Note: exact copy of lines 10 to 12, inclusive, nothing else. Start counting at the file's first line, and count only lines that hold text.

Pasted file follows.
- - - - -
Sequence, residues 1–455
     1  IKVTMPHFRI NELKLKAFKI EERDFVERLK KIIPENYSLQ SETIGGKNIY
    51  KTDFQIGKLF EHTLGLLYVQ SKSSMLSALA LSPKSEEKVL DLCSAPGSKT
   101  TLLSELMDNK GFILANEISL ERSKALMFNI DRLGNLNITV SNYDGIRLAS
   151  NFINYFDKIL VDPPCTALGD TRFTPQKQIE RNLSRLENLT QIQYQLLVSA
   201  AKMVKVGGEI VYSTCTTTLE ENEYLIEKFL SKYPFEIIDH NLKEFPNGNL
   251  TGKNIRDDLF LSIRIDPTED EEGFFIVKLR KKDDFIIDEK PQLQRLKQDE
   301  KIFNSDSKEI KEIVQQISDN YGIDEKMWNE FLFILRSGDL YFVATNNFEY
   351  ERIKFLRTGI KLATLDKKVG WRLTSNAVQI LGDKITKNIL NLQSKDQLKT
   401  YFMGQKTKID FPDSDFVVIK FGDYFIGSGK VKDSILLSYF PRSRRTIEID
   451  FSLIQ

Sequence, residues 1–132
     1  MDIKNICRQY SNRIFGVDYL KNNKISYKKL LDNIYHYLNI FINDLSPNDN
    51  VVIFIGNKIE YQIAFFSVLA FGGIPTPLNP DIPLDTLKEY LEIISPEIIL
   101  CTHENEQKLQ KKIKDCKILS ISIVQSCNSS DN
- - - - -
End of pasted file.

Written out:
   401  YFMGQKTKID FPDSDFVVIK FGDYFIGSGK VKDSILLSYF PRSRRTIEID
   451  FSLIQ

Sequence, residues 1–132